The team at 4 Probate & Wills are here to help when you need to make Lasting Powers of Attorney, or LPAs as they are known. These are the legal documents that appoint people you trust, such as a loved one or close friend, to help make decisions either with you or entirely on your behalf once you are unable to do so yourself.
When would I need an LPA?
LPAs become crucial if you ever lose your mental capacity either temporarily or permanently in the future. By putting in place Lasting Power of Attorney, which is separate from your Will, you give specific individuals the right to manage your financial affairs and personal welfare.
Is LPA completely necessary?
The laws around data protection have changed the way that people can help you with your personal affairs, including the following:
Mortgage holders and landlords
GP and hospital appointments
Decisions about care
It is now much more difficult, and becoming even more so, to assist people with their personal affairs without having the correct legal authority in place. Whether your loved one wants to change your energy provider, order your prescription, ask for your test results or discuss anything that involves confidential information, an LPA needs to be firmly in place.
What about my next of kin?
It’s a common misconception that your spouse, civil partner or adult children automatically have the legal right to manage your affairs. This is unfortunately not the case. Once you become an adult, unless you appoint an Attorney no one has the legal rights to assist with your personal or medical affairs.
It’s never too soon
Putting in place a Lasting Power of Attorney is very important and though it can never be too soon, it can easily become too late. If you were to begin losing your mental capacity, it may not be possible to create an LPA at all.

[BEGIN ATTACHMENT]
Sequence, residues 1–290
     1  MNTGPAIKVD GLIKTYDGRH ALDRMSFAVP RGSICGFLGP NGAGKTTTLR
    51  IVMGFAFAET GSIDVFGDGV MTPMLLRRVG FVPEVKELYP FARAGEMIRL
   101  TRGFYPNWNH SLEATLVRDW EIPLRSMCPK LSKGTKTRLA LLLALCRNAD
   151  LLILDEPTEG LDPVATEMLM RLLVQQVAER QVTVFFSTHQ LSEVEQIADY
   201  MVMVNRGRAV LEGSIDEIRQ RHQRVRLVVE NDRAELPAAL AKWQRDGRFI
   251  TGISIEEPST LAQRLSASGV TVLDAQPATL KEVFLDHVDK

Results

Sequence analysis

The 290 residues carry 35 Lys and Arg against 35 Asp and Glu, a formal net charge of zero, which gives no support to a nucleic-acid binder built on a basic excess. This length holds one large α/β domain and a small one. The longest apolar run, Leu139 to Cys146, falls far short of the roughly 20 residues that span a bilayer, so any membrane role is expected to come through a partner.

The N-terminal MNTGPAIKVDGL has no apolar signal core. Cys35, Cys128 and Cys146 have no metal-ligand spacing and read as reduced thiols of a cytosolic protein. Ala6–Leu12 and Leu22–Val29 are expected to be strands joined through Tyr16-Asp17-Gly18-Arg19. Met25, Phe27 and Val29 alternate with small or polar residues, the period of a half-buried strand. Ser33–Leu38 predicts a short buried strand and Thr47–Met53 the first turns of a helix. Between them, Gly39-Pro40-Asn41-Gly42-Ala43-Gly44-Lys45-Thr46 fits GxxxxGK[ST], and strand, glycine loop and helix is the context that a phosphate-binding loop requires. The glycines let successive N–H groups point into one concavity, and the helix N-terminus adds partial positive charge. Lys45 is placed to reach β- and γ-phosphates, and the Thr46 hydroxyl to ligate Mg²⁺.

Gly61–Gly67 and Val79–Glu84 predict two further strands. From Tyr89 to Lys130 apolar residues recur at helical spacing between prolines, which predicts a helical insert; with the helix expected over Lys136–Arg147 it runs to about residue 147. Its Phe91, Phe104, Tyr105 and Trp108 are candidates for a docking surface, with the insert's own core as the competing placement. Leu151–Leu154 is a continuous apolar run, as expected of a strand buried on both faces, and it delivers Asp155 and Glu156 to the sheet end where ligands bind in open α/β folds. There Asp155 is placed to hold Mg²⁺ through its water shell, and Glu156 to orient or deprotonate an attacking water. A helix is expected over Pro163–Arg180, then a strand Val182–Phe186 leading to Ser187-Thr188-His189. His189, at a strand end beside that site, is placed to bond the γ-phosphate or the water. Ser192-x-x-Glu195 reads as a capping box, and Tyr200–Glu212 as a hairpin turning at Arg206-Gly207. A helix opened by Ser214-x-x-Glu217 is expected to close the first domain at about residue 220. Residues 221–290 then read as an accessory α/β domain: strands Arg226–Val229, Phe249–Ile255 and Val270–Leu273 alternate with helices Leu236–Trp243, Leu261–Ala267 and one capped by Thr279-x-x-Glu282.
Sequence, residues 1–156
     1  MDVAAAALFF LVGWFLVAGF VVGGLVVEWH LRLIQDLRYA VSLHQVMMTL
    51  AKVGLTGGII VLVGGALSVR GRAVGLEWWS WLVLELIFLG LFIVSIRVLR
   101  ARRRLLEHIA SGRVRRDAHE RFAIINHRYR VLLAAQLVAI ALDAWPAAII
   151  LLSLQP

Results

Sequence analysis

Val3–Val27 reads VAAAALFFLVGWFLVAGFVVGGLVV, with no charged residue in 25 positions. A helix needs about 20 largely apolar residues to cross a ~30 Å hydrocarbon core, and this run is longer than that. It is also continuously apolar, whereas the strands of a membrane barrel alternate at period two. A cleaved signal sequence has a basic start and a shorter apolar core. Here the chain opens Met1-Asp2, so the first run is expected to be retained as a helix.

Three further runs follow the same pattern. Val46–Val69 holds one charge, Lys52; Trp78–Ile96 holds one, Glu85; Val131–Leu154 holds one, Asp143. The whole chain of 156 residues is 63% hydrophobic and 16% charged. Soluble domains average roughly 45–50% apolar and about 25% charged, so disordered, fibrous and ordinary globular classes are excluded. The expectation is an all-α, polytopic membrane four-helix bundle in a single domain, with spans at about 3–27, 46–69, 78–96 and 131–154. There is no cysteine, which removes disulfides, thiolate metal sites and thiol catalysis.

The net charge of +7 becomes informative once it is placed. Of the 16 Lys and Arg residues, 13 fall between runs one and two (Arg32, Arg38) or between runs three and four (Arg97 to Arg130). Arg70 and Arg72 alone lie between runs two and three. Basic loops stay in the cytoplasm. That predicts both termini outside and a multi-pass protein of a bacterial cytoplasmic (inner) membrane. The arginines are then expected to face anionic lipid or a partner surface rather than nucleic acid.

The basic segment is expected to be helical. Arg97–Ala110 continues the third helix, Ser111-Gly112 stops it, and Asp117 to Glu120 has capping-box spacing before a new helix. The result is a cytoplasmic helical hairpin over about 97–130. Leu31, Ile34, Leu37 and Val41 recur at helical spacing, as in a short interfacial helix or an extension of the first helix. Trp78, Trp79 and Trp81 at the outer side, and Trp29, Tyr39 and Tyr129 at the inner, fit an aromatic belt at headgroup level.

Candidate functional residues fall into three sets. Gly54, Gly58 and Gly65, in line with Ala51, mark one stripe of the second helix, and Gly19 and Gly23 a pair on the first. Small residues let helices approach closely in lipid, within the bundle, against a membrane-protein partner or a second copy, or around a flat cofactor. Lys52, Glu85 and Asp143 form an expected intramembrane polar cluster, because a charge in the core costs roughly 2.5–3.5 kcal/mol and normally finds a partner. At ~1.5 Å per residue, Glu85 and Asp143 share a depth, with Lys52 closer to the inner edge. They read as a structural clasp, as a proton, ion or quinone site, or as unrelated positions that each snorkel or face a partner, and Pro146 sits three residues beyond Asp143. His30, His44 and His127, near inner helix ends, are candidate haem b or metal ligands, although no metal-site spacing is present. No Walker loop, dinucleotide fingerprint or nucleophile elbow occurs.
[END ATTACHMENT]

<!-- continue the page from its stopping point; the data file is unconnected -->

You can only put an LPA in place whilst you are capable of understanding the nature and effect of doing so. As a result, many of our clients choose to make Lasting Powers of Attorney when they make a Will, as it offers additional peace of mind. However, you can create an LPA once you reach the age of 18 – all you have to do is get in touch with our LPA specialists.
Joint bank accounts
Many people don’t realise that if one joint account holder loses mental capacity, banks and building societies can decide whether or not to temporarily restrict the use of the account to essential transactions only unless there is Lasting Power of Attorney or other suitable arrangement in place.
Know your options
We’re dedicated to helping our clients understand both types of LPA.
One solution for couples is to Mirror (make identical) their Lasting Powers of Attorney. This allows them to appoint each other as Attorneys to help make decisions about each other’s financial affairs if they lose capacity, work away from home or simply don't have the time to look after their finances. They are also best placed to deal with the health and welfare for each other, again should either lose capacity in the future.
If you are single, you may choose a single LPA depending upon your personal situation and preferences.
If you own a business and require a business LPA, we can arrange this with the legal clauses and restrictions to enable your business to continue if you are unable to be there, either permanently or during a period of illness.
LPA registration fee
All LPAs require registration with the Office of the Public Guardian, the fee is currently set at £82 per LPA. These fees can be less if you are on low income or free if you are in receipt of some specific means-tested benefits.
We’re here to help
For more information, take a look at the different types of LPA. When you’re ready to proceed, get in touch using the contact form below and we’ll help you to create Lasting Powers of Attorney to suit your individual needs and preferences.